"‘Black Dream’ fits in nicely with anyone’s collection, the melodies and instrumentation sometimes remind you of the feel of 60′s pop. This is not a retro group, however, by any means. A modern rock foundation with pop sensibilities. The instrumentation is intriguing. It pulls you in and keeps you listening. There is a cohesive sound, yet the sound is not redundant. This is an album I can listen to from start to finish without skipping a track. My only complaint is that it ended too soon…”
"A young indie-rock band who take classic rock stylings and bring them into The New Millennium-that’s Dangermaker. Lots of energy, cool, dark, angular melodies is their forte, and they’re doing it very well right now!”
"This is a real rock and roll album. Like in the movies.”
"Something about this band, especially the vocals, reminds me of INXS. Slick yet kinda dark, '80s pop rock with some keyboards, but enough slithering guitar to keep it rock... this five-song EP captures the attention and holds it. Oh, and the INXS namedrop is a positive thing, seeing as they wrote a couple handfuls of songs we all know, and are still played on the radio, and we don't groan when they come on."
"With any good music, the immediacy of the vibe and groove of the song is of the utmost importance in connecting with any listener. Lengthy introductions, endless instrumental passages, and pretentious noodling are surefire ways to alienate the average listener from your music. Dangermaker, one of the freshest new bands on the Bay Area scene, is the antithesis of the aforementioned statement above... one can’t help but want to go to his nearest bar, kick back a double shot of Jack, and shoot pool till last call. If their recent success is any indication of what’s to come, these guys are going places fast."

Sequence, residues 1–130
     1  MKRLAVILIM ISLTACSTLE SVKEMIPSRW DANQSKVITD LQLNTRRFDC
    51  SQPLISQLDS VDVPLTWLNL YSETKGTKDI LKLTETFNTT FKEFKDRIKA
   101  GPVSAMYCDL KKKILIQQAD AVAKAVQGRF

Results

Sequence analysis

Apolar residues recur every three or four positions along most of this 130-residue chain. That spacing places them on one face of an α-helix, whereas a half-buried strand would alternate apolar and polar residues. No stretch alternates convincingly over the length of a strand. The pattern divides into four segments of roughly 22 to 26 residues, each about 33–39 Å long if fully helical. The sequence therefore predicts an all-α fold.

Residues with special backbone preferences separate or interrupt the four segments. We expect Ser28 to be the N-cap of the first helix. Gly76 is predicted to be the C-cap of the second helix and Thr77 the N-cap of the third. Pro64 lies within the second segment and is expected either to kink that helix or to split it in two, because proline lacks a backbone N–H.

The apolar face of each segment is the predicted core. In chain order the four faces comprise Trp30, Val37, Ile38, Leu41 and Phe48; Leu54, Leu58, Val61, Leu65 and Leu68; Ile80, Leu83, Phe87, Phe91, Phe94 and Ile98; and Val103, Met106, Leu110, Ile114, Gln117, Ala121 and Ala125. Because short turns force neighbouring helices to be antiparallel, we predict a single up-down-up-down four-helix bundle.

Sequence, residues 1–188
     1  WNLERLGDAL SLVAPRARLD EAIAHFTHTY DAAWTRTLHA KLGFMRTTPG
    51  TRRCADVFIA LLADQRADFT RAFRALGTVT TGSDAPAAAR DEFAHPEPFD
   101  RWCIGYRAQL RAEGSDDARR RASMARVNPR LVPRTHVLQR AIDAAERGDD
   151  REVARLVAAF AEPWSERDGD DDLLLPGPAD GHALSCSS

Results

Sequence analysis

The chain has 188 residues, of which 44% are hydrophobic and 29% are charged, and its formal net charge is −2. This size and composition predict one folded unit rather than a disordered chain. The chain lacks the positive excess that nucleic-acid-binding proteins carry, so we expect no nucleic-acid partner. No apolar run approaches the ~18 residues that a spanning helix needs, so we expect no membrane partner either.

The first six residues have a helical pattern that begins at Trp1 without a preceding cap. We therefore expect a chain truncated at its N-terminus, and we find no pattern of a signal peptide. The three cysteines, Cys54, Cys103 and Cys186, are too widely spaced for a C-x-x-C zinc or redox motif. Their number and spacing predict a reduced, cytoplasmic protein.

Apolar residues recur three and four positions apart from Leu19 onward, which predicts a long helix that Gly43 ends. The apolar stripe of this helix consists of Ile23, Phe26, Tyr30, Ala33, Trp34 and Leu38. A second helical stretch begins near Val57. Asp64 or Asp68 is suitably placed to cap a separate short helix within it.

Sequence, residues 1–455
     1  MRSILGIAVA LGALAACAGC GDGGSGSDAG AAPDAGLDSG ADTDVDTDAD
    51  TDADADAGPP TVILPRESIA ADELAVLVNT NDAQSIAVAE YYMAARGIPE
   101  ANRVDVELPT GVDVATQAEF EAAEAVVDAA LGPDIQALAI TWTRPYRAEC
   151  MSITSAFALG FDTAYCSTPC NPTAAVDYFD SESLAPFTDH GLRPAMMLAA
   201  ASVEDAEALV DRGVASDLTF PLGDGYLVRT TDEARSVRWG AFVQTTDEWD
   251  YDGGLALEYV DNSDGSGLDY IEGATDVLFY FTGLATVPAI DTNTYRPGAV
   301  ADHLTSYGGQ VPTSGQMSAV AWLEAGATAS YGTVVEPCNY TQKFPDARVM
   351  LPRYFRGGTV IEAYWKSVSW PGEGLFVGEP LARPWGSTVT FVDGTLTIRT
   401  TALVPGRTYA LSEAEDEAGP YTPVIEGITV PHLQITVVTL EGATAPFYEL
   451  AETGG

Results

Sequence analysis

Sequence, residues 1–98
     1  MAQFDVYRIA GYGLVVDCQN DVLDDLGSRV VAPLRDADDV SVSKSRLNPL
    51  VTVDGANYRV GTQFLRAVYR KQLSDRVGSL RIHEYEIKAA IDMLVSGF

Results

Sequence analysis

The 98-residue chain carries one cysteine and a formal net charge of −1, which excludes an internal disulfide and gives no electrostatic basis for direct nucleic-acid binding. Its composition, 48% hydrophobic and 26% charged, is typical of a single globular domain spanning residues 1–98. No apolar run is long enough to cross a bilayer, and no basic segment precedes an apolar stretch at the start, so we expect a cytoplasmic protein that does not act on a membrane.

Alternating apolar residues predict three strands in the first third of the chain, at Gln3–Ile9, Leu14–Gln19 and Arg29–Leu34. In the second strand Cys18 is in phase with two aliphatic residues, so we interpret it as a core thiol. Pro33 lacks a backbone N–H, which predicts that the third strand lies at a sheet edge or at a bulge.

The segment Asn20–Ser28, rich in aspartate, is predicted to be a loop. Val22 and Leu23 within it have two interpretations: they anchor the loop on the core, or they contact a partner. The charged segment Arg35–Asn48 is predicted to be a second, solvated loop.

"Swaggering along, Dangermaker sound like they’re they type of guys to be smoking stogies and slamming whiskey while on stage, taking breaks between songs to wink at the pretty ladies and revel in how cool they are. A review at CNET said that Dangermaker sounded like a mix of Mick Jagger and David Bowie... and I couldn’t really come up with a better comparison than that. Add some modern indie rock sensibilities to the catalog of those two artists and you have a very clear picture of how this EP comes across."
"An amalgam of indie-pop and 70s blues-rock, (Dangermaker) songs have something of Cheap Trick to them, with a little Harvey Danger or Modest Mouse thrown in. 'Need' could be decades-old radio fare... the guitars have some nice wah to them, and the singer can belt out a tune. The chorus of 'I need something / but I don’t know what it is' has Billboard charts stamped on it. The 3 minutes of 'Delirious' crawl around in an attempt at darkness, it’s actually a little creepy compared to the other cuts... This 5-song EP is not for everyone."
"San Francisco’s Dangermaker play slick, haunting guitar rock that goes perfectly with a shot of whiskey and an absence of light. Don’t bother listening to this band first thing in the morning as you enjoy a bran muffin with your skim latte. This is not a breakfast band. Instead, you should throw on their EP at the tail end of a three-day bender when you’ve jacked up the stereo and you’re just looking to make one last pass at the girl sitting by herself at the end of the bar. I can’t say for certain, but I’m pretty sure Dangermaker are creatures of the night - which works for me because I am definitely not a morning person."
"I'd rate Dangermaker as one of my top 5 favorite indie bands in the Bay Area. The magic behind Dangermaker's music is the accessibility in the sound, the listener 'gets' the melody with the first listen... much better than anything the majority of unsigned bands can produce on their own. If these guys don't make it big, or if at least the local radios don't start playing them, then this is one fat, unfair, life we all live in."
"A cross of Mick Jagger and David Bowie might make one scary looking dude, but his voice would sure intrigue. This S.F. act does a dead-on imitation of that unholy mash-up, then supports "him" with juicy sleaze-rock guitars, a la another wildly skilled wildman: Keith Richards."